Media release: 14 September 2020
An Act of Remembrance to mark New Zealand’s contribution to military operations in Malaya and Malaysia from the late 1940s to the mid-1960s will take place at Pukeahu National War Memorial Park on Wednesday 16 September at 11am.
“This commemoration pays tribute to the contribution New Zealand made to Commonwealth forces for nearly 20 years,” Tamsin Evans, Pou Mataaho o Te Hua Deputy Chief Executive Delivery Manatū Taonga Ministry for Culture and Heritage said today.
“Between 1949 and 1966 New Zealand soldiers, sailors and airmen played a small but significant role in two Southeast Asian conflicts: the Malayan Emergency (1948-60) and the subsequent ‘Confrontation Campaign’ between Indonesia and Malaysia (1964-66).
“Approximately 4,000 New Zealand servicemen served during these campaigns. Sadly, twenty servicemen are recorded on New Zealand’s Roll of Honour as having lost their lives during operational service, three as a result of enemy action.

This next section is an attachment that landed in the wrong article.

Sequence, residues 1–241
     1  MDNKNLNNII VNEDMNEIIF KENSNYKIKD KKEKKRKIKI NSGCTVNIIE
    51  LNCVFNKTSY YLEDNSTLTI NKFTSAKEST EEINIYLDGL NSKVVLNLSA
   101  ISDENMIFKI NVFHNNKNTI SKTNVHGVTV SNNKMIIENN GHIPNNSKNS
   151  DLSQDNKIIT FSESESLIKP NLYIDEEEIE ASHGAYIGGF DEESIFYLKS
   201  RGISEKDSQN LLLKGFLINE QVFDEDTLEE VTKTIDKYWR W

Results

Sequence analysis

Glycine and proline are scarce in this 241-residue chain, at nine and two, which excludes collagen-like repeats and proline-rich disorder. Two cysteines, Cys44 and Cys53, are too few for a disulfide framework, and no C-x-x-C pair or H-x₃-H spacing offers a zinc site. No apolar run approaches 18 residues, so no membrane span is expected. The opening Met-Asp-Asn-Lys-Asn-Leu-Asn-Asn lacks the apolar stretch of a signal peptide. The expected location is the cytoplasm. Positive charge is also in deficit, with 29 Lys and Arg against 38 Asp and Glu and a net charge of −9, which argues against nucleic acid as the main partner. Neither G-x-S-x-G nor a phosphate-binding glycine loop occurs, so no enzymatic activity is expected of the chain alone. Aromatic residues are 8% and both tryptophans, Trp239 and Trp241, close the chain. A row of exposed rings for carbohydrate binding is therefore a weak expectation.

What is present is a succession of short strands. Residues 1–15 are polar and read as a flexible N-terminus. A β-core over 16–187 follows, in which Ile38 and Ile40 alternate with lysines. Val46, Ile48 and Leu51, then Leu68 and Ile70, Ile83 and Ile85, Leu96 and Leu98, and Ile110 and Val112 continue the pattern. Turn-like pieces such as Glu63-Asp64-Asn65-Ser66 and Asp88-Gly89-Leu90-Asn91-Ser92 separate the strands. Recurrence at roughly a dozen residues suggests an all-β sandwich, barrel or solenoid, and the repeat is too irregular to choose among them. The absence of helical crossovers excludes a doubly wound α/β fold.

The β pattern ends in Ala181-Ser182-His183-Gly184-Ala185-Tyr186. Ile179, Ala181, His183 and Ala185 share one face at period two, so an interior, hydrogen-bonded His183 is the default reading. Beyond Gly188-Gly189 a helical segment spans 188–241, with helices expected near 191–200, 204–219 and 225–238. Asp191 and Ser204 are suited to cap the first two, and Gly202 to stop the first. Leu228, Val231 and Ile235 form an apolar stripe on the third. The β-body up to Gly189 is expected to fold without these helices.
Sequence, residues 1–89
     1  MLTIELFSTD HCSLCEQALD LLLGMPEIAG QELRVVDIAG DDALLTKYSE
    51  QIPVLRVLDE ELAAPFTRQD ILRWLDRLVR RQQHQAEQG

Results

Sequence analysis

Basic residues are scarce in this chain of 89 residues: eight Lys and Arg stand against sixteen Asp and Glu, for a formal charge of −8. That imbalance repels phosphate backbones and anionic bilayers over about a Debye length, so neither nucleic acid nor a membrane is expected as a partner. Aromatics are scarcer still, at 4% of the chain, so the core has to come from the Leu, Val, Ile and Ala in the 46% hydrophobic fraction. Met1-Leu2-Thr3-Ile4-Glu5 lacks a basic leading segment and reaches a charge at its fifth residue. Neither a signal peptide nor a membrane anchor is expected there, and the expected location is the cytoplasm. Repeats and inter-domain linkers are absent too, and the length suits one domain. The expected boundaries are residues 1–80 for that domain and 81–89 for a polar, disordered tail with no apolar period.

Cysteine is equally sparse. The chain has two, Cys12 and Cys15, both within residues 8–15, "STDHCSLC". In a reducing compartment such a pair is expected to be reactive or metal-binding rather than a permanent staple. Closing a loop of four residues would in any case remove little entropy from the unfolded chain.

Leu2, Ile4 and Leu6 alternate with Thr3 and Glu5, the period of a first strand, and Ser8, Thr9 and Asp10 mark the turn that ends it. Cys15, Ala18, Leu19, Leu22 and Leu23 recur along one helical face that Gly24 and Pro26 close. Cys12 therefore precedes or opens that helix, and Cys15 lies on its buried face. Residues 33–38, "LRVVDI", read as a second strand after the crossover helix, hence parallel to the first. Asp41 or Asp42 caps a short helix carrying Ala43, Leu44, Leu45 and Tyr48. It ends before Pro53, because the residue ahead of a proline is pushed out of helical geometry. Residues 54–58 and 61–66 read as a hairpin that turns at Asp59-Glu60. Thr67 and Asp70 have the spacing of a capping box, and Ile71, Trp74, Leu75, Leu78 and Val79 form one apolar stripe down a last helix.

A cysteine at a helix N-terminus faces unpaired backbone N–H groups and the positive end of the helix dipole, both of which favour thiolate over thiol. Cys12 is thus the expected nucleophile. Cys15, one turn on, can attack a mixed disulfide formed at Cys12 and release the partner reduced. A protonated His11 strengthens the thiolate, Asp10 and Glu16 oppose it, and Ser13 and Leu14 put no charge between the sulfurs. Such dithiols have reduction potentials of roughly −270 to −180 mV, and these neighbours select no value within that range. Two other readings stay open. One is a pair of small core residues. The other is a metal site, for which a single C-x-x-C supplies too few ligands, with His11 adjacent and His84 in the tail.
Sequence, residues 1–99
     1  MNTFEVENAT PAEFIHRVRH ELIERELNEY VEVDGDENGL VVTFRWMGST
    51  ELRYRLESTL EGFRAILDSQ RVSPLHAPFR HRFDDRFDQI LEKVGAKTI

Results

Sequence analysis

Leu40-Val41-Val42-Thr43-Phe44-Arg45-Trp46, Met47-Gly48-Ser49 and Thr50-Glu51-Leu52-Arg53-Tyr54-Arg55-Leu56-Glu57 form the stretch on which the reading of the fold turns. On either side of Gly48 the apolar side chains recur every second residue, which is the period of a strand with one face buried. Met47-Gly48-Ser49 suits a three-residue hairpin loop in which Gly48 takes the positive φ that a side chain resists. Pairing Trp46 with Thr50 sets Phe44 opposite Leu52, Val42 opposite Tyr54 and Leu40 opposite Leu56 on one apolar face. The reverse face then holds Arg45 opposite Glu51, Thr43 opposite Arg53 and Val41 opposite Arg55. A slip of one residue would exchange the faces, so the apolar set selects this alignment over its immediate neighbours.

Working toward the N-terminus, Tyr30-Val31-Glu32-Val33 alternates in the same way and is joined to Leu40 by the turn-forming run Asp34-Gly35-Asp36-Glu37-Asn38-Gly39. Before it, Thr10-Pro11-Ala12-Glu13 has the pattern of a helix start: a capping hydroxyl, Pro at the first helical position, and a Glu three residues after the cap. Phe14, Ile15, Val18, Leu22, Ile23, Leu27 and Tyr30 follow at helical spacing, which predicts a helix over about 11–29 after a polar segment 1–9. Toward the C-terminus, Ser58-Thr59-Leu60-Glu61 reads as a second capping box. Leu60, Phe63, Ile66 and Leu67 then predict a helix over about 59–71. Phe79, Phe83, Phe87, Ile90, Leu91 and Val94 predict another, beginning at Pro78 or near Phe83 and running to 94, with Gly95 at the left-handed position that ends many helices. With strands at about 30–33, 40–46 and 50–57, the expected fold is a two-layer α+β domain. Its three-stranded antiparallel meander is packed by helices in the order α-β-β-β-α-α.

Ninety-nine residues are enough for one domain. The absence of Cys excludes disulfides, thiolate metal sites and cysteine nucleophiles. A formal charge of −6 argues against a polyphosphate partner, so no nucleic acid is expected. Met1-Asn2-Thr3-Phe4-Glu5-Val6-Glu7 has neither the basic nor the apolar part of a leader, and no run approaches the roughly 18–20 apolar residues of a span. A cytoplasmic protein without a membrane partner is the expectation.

“New Zealand’s involvement began in 1949 when a flight of RNZAF 41 Squadron Dakotas were used to drop supplies to anti-guerrilla forces. In the late 1950s, both Special Air Service and infantry battalions were sent to Malaya.
“In 1964, New Zealand began helping the newly federated state of Malaysia to resist Indonesia’s attempt to gain control of the North Borneo territories, in what was known as the Confrontation Campaign.
“On 11 August 1966 Indonesian and Malaysian representatives signed a peace treaty in Bangkok with New Zealanders completing their withdrawal from Borneo in October.
“This year’s commemoration will be attended by Courts and Justice Minister Andrew Little and Brett Hudson MP representing the Opposition, with representatives from the Diplomatic Corps, New Zealand Malaya Veterans’ Association, and the Royal New Zealand Returned and Services Association.
“In response to the current COVID-19 pandemic, this commemoration will take the form of an Act of Remembrance (wreath laying ceremony) held at the Tomb of the Unknown Warrior and regrettably members of the public are unable to attend,” Tamsin Evans said.
Updated on 14th September 2020